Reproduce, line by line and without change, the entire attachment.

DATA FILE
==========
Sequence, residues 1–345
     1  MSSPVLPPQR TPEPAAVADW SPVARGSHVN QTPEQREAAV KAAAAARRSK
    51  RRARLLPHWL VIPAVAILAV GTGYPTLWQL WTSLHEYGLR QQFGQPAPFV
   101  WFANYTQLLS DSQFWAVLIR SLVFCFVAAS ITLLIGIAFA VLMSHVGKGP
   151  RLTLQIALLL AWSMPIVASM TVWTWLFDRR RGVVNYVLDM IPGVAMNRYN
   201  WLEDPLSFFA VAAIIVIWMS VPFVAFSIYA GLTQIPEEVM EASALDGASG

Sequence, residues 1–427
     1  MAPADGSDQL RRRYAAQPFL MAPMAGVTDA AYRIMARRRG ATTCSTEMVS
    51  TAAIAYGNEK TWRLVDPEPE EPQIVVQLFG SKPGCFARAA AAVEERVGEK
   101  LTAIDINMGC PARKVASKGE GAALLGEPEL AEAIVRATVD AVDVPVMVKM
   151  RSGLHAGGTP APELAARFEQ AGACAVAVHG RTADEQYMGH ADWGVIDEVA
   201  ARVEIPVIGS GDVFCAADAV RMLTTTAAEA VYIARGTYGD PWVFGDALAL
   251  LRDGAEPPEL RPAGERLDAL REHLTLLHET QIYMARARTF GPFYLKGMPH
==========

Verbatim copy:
Sequence, residues 1–345
     1  MSSPVLPPQR TPEPAAVADW SPVARGSHVN QTPEQREAAV KAAAAARRSK
    51  RRARLLPHWL VIPAVAILAV GTGYPTLWQL WTSLHEYGLR QQFGQPAPFV
   101  WFANYTQLLS DSQFWAVLIR SLVFCFVAAS ITLLIGIAFA VLMSHVGKGP
   151  RLTLQIALLL AWSMPIVASM TVWTWLFDRR RGVVNYVLDM IPGVAMNRYN
   201  WLEDPLSFFA VAAIIVIWMS VPFVAFSIYA GLTQIPEEVM EASALDGASG

Sequence, residues 1–427
     1  MAPADGSDQL RRRYAAQPFL MAPMAGVTDA AYRIMARRRG ATTCSTEMVS
    51  TAAIAYGNEK TWRLVDPEPE EPQIVVQLFG SKPGCFARAA AAVEERVGEK
   101  LTAIDINMGC PARKVASKGE GAALLGEPEL AEAIVRATVD AVDVPVMVKM
   151  RSGLHAGGTP APELAARFEQ AGACAVAVHG RTADEQYMGH ADWGVIDEVA
   201  ARVEIPVIGS GDVFCAADAV RMLTTTAAEA VYIARGTYGD PWVFGDALAL
   251  LRDGAEPPEL RPAGERLDAL REHLTLLHET QIYMARARTF GPFYLKGMPH